Biologists from the state Wildlife Conservation Department are examining the body of a mountain lion that was struck and killed by a vehicle Tuesday.
The 130-pound male was hit somewhere along State Highway 81 near Minco and was turned in to the department by a passerby.
Wildlife Conservation Department biologist Erik Bartholomew said the animal was probably about 2 years old based on the condition of his teeth, though an exact age cannot be determined until a sample tooth has been fully analyzed.
“We believe he is a sub-adult because he still has some faint spotting on his back legs and belly,” Bartholomew said. “His teeth were in excellent shape. The older these animals get the more worn down their teeth get.”
Biologists will take measurements of the body and head and will also examine fully the contents of the mountain lion's stomach. Bartholomew said early indications are the mountain lion consumed a porcupine because a quill was found in its stomach.
Such sightings are rare in Oklahoma, particularly in areas near large cities. Bartholomew said the most likely place to find one in Oklahoma is in the far western part of the state, though a sighting was confirmed near Sand Springs in the Tulsa area earlier this year.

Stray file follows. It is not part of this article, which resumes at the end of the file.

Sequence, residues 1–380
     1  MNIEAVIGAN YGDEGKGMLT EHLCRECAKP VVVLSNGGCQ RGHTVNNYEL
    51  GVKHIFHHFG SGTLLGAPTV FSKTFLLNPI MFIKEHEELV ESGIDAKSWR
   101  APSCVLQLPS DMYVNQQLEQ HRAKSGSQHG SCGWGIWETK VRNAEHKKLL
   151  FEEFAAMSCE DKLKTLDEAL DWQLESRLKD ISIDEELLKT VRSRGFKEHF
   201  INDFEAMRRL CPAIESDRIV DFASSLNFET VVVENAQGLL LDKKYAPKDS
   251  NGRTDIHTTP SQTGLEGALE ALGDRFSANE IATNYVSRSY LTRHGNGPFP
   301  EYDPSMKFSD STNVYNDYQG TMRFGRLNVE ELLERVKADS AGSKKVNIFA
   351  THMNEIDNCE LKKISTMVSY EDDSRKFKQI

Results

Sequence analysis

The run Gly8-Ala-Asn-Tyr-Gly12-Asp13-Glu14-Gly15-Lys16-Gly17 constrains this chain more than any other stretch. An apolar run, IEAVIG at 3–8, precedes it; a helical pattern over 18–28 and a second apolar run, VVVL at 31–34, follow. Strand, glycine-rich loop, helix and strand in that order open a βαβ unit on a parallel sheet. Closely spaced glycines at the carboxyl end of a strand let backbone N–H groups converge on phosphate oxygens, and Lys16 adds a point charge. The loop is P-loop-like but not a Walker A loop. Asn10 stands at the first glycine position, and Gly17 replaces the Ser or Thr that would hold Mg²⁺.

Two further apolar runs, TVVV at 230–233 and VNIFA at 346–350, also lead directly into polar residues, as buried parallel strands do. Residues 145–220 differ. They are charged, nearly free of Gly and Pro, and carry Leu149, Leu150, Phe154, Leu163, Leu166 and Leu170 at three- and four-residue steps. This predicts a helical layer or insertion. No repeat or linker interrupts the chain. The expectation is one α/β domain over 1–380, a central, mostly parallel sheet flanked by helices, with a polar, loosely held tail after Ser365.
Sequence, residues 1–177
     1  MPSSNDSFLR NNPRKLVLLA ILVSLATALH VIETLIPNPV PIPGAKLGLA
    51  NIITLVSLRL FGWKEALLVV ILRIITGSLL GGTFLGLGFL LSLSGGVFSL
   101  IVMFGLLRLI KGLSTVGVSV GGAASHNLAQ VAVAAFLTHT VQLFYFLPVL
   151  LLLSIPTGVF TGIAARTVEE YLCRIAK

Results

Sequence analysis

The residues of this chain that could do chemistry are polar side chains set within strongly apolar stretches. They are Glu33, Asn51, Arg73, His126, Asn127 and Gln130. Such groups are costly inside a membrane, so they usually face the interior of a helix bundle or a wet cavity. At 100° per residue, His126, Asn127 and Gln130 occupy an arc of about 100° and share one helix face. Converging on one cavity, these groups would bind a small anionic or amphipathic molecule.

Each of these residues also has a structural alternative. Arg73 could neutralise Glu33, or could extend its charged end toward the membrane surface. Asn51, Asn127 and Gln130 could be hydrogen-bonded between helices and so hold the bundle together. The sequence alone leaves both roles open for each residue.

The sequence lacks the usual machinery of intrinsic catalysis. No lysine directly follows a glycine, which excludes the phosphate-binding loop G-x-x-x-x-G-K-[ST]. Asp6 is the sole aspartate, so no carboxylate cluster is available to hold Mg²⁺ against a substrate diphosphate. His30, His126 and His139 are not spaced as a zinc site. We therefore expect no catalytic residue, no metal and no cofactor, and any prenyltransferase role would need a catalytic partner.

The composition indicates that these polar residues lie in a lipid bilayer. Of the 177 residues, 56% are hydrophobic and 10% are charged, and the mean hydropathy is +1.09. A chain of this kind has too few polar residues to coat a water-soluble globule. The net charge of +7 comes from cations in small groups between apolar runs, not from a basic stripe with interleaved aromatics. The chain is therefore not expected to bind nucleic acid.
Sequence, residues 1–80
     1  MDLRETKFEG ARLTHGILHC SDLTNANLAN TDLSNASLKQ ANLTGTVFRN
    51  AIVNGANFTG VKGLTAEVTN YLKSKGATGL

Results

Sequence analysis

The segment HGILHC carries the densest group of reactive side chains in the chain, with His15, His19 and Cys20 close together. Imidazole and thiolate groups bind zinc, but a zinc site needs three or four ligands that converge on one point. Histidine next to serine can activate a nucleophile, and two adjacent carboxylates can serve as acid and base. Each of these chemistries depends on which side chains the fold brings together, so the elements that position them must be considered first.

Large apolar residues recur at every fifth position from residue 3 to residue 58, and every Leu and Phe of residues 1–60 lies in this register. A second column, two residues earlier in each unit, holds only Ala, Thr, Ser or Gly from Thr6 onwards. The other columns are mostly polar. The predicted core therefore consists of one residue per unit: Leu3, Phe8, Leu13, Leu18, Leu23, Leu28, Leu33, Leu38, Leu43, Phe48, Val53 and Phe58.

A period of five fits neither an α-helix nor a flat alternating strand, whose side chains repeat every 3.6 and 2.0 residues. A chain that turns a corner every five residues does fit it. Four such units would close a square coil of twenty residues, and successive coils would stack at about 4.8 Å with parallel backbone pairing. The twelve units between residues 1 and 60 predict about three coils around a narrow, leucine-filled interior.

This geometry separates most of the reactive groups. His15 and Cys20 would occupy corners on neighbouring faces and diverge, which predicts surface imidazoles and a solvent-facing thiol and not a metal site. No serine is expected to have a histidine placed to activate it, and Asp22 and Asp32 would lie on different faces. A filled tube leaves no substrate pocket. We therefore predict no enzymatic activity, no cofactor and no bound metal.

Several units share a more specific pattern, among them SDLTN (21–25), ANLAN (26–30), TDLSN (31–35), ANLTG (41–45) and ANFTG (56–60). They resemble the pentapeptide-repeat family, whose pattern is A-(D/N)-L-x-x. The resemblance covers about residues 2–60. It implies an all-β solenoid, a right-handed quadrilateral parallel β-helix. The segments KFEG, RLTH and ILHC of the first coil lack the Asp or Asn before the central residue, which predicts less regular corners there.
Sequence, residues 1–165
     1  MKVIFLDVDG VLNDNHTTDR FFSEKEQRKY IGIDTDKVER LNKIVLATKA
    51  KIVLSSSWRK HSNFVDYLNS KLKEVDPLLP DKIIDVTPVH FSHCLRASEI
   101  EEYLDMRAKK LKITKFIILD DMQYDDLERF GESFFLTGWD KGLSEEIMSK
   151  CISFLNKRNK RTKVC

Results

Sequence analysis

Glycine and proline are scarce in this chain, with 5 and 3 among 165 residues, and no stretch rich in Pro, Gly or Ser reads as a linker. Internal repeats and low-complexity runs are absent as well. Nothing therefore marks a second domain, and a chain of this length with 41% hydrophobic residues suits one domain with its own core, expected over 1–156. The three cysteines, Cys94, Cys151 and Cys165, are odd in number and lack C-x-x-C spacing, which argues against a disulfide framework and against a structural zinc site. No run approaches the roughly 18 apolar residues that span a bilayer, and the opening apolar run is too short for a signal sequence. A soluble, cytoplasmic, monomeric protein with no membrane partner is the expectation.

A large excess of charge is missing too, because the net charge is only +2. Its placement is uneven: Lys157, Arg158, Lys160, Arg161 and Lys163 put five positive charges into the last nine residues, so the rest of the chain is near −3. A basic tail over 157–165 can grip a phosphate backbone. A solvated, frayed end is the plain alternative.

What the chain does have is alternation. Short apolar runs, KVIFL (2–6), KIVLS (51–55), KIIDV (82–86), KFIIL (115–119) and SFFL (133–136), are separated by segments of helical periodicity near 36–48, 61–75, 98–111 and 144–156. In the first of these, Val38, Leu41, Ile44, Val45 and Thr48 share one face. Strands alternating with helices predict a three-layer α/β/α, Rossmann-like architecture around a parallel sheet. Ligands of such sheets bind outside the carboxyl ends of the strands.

“We get reports from all over there state,” Bartholomew said. “If you really wanted to see one, Black Mesa out in Cimarron County would probably be the best habitat in the state.”
Bartholomew said there is no way of knowing how many mountain lions are in Oklahoma. He said populations are the densest in the far western states, but because of overpopulation and diminished food supplies, they are pushing east.
Still, there's no reason for people to be concerned about the big cats showing up in their backyard, especially in the city areas.
“Nobody has ever been attacked by one in our state,” Bartholomew said. “You think of all the western states with high-density populations and attacks are very rare.”